Abstract

Although previous research identified mothers who experienced childhood maltreatment as exhibiting an especially heightened risk for attachment difficulties with their own young children, evidence regarding the mechanisms of action driving this relationship have been lacking. Thus, the current study introduced mothers' depressive symptoms and the novel construct of reflective functioning as potential mediators to help explain the relationship between mothers' childhood maltreatment experiences and patterns of insecure (i.e., anxious, avoidant, and disorganized) mother-young child attachment. The current study included a community sample of 146 mothers with children who ranged in age from 1 1/2-to 5-years. Mothers provided ratings of their own childhood maltreatment experiences, attachment with their young children, depressive symptoms, reflective functioning, parenting behaviors and attributions, and young children's problems. Correlational analyses displayed significant associations among the variables of interest. Additionally, mediational analyses indicated that mothers' depressive symptoms mediated the relationship between mothers' childhood maltreatment experiences and patterns of insecure mother-young child attachment. Given that mothers' childhood maltreatment experiences failed to predict reflective functioning, the mediational role of reflective functioning was unsupported. Further, mothers' reflective functioning mediated the relationship between mothers' depressive symptoms and patterns of mother-young child insecure attachment. Finally, hierarchical regression analyses showed that mothers' adverse childhood experiences and depressive symptoms uniquely predicted their young children's internalizing and externalizing problems. These data suggested that the psychological consequences resulting from adverse childhood experiences may be more damaging to mothers' attachment with their young children than mothers' adverse childhood experiences alone. Moreover, these findings suggested that mothers' depressive symptoms and reflective functioning work together in predicting mother-young child attachment. Altogether, these results demonstrated the importance for promoting trauma-informed parenting interventions for facilitating secure emotional connections between mothers and young children, especially in mothers with childhood traumatic experiences themselves.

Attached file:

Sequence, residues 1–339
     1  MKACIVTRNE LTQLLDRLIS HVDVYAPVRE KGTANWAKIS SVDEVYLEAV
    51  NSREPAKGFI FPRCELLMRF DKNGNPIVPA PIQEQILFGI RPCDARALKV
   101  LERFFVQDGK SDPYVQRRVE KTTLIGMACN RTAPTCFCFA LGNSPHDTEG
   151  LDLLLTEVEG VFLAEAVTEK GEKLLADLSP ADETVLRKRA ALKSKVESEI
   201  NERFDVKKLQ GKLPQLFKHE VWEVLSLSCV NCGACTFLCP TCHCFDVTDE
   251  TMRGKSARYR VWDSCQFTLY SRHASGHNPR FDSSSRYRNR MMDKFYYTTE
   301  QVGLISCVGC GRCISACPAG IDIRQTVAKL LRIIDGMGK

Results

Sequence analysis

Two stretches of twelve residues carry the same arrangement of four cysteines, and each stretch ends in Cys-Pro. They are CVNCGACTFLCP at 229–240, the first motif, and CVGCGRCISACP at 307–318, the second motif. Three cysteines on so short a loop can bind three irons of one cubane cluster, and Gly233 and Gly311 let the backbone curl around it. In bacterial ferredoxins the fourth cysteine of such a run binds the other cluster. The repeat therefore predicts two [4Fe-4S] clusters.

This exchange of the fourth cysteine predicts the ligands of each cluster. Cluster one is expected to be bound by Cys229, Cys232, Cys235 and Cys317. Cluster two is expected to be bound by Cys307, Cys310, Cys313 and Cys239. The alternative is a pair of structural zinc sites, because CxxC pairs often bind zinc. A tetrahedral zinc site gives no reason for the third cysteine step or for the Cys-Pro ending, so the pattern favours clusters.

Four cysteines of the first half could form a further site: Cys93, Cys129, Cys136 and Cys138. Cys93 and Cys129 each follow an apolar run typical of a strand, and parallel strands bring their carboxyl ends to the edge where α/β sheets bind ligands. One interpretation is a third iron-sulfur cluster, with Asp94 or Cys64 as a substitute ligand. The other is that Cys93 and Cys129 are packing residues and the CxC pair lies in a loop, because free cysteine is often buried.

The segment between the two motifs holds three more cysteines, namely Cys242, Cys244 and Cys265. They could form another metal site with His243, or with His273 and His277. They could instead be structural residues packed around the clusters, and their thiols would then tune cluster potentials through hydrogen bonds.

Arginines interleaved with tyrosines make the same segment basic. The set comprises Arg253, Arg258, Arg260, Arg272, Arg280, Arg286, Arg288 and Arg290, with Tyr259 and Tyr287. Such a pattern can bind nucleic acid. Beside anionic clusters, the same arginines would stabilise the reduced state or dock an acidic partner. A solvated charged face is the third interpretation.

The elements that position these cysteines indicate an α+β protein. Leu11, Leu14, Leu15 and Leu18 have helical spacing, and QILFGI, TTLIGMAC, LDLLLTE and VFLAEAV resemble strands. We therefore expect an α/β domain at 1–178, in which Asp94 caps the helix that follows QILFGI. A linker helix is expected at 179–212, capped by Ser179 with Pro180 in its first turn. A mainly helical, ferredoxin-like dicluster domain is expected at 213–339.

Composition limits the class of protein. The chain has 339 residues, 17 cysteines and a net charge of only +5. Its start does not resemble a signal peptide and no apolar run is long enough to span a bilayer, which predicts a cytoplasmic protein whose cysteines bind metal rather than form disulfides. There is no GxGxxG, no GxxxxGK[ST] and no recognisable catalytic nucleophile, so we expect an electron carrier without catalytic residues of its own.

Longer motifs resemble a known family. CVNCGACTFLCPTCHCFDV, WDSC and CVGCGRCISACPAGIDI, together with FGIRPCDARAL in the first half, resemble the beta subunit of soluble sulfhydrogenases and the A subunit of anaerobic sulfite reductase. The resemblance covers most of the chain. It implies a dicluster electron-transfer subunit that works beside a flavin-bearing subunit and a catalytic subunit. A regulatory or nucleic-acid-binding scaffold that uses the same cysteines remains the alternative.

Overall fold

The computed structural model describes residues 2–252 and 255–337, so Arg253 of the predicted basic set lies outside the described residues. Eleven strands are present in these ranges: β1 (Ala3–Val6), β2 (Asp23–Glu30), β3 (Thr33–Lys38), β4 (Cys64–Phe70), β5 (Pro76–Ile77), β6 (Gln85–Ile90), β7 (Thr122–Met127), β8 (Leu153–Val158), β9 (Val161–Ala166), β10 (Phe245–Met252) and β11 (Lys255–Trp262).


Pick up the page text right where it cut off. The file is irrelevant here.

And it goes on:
Graduation Date

2017

Semester

Summer

Advisor

Renk, Kimberly

Degree

Master of Science (M.S.)

College

College of Sciences

Department

Psychology

Degree Program

Psychology Clinical

Format

application/pdf

Identifier

CFE0006753

URL

http://purl.fcla.edu/fcla/etd/CFE0006753

Language

English

Release Date

August 2017

Length of Campus-only Access

None

Access Status

Masters Thesis (Open Access)

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